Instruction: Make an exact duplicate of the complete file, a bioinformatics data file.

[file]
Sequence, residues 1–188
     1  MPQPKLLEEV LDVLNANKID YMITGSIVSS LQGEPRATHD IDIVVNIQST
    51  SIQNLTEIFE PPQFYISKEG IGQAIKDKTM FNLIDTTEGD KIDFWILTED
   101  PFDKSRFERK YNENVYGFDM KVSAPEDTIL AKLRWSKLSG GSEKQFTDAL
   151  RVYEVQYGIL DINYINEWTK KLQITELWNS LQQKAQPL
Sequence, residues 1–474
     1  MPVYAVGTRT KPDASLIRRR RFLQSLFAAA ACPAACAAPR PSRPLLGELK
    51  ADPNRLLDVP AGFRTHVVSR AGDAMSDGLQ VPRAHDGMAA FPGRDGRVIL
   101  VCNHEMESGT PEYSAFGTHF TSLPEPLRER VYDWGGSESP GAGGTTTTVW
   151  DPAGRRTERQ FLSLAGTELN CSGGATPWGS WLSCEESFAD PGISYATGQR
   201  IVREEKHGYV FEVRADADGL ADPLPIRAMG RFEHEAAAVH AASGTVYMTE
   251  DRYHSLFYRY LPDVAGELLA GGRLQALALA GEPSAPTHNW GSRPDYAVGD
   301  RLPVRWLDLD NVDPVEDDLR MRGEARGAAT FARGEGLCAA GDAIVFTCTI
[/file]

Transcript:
Sequence, residues 1–188
     1  MPQPKLLEEV LDVLNANKID YMITGSIVSS LQGEPRATHD IDIVVNIQST
    51  SIQNLTEIFE PPQFYISKEG IGQAIKDKTM FNLIDTTEGD KIDFWILTED
   101  PFDKSRFERK YNENVYGFDM KVSAPEDTIL AKLRWSKLSG GSEKQFTDAL
   151  RVYEVQYGIL DINYINEWTK KLQITELWNS LQQKAQPL
Sequence, residues 1–474
     1  MPVYAVGTRT KPDASLIRRR RFLQSLFAAA ACPAACAAPR PSRPLLGELK
    51  ADPNRLLDVP AGFRTHVVSR AGDAMSDGLQ VPRAHDGMAA FPGRDGRVIL
   101  VCNHEMESGT PEYSAFGTHF TSLPEPLRER VYDWGGSESP GAGGTTTTVW
   151  DPAGRRTERQ FLSLAGTELN CSGGATPWGS WLSCEESFAD PGISYATGQR
   201  IVREEKHGYV FEVRADADGL ADPLPIRAMG RFEHEAAAVH AASGTVYMTE
   251  DRYHSLFYRY LPDVAGELLA GGRLQALALA GEPSAPTHNW GSRPDYAVGD
   301  RLPVRWLDLD NVDPVEDDLR MRGEARGAAT FARGEGLCAA GDAIVFTCTI